Telcos also provide a considerable amount of critical infrastructure for government use, which puts them in a rather specific risk lens. The information and communications technology supply chain is only as strong as its weakest link. It can serve as a gateway for state-sponsored adversaries to infiltrate companies, governments and critical infrastructure systems serviced by telcos. The Cybersecurity and Infrastructure Security Agency routinely warns of a staggering number of supply chain vulnerabilities that are being introduced during various phases of the software and hardware product life cycle, with geopolitical undertones to boot.

According to at least one estimate, 45% of companies will experience an attack on their software supply chain by 2025. To minimize this risk, telcos should reevaluate the risk of using software or hardware made in or owned by nations known to be active cyber actors. Experts recommend establishing baseline security standards and developing a framework for a bill of materials, which is required for telcos that do business with the federal government under Executive Order 14028.

Harmonization across functions

Roles and responsibilities should be clearly defined to drive expectations between business units and third-party risk functions such as cybersecurity, privacy, operational risk, financial risk, compliance and procurement.

It is important to track roles and responsibilities from a wider technology-ecosystem perspective as well. In addition to a complex range of services, telcos are heavily dependent on hard infrastructure (e.g., underground cables, satellite dishes, cable boxes), often simultaneously driving and innovating in serving consumers and enterprises. A telco’s place in the technology supply chain can be fluid at times, and the lines between internal and external control environments can become blurred. Organizations must stay ahead of ambiguities in controls supporting the organization’s operations and protecting critical assets — this starts from within.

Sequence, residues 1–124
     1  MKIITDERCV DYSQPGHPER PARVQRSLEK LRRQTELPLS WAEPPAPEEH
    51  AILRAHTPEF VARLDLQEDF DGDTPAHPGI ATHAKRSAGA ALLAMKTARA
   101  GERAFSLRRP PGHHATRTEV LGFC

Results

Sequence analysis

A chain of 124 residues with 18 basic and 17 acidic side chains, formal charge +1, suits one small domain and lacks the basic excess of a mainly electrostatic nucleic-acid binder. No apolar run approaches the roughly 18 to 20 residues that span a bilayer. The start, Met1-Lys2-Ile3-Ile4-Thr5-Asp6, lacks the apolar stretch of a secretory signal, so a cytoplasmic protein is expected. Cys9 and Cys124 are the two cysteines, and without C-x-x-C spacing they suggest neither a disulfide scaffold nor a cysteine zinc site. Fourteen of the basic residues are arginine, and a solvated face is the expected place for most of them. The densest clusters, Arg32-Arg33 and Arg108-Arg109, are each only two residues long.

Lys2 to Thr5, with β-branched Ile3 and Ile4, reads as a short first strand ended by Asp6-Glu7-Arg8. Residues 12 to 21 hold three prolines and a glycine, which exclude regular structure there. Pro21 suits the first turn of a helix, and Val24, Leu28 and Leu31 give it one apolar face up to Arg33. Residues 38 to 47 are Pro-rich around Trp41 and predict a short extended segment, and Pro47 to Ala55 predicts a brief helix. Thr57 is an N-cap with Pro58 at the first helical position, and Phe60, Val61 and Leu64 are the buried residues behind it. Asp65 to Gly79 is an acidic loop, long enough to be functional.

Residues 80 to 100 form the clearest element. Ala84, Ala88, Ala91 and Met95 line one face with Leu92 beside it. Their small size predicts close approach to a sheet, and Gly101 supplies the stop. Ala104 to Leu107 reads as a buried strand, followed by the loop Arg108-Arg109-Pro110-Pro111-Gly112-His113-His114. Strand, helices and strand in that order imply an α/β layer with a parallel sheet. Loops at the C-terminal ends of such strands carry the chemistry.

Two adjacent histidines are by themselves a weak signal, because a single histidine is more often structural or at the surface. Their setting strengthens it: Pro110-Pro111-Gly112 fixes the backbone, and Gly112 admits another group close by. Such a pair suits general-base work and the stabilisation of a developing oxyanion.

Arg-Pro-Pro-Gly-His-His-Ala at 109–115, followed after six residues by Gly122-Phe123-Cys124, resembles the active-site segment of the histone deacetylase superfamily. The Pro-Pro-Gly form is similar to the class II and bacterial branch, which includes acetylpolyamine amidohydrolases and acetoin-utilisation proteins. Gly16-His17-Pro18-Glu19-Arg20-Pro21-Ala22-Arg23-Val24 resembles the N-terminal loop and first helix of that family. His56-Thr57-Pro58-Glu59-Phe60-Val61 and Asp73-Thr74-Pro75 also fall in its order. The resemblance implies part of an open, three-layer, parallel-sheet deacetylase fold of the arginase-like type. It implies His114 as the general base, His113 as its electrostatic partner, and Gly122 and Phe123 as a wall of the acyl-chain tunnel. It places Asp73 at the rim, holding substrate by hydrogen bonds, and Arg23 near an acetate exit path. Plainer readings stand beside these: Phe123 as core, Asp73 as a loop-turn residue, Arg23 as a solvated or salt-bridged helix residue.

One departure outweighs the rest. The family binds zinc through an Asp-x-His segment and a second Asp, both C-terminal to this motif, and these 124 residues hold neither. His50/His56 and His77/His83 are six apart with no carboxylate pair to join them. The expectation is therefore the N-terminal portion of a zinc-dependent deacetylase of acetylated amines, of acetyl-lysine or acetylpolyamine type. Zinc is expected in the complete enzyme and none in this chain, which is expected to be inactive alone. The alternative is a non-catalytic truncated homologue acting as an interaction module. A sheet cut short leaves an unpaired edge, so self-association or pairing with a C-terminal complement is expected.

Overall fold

Managing third-party risks in the age of AI

As with any new technology delivered by a third party, it is key to ascertain which controls are native to the vendor’s AI tooling, which controls require upkeep, and by whom. As impactful AI has already been and portends to be, telco leaders must avoid scrutinizing one type of disruptive technology above others, despite how important technology is to market success. Rather, program leaders should have a continuous process to assess the impact of any new technologies affecting the vendor risk portfolio and capture pertinent risk information accordingly. The ability to assess the impacts of new technologies — and related risks — nimbly and meaningfully can make or break a third-party risk management program’s working relationship with the business and C-suite.

Finally, remember that adversaries are also harnessing AI. With AI-powered analytics, fraudsters can rapidly sift through the large haystack of telco data discovered on the dark web for sensitive information where it would previously have taken them months.

Important takeaway: When it comes to third-party risk management, the two major pain points for telcos are harmonizing various functions at the program level and consistently conducting due diligence across a staggering variety of third-party services. These crucial activities can help telcos manage these issues:

  • Define roles and responsibilities concerning third-party risk management throughout the organization.
  • Maintain a central vendor inventory prioritized based upon consistent, qualified risk attributes.
  • Link the inventory to the organization’s business processes and applications.
  • Manage costs by matching the rigor of due diligence to the risk associated with each service.
  • Proactively avoid issue backlogs by carefully prioritizing controls assessed during due diligence.
  • Stay prepared to assimilate disruptive technologies as a matter of business as usual.

To learn more about how to manage third-party risks effectively, visit

Michael Lyons, Protiviti’s global head of telecommunications, contributed to this blog article.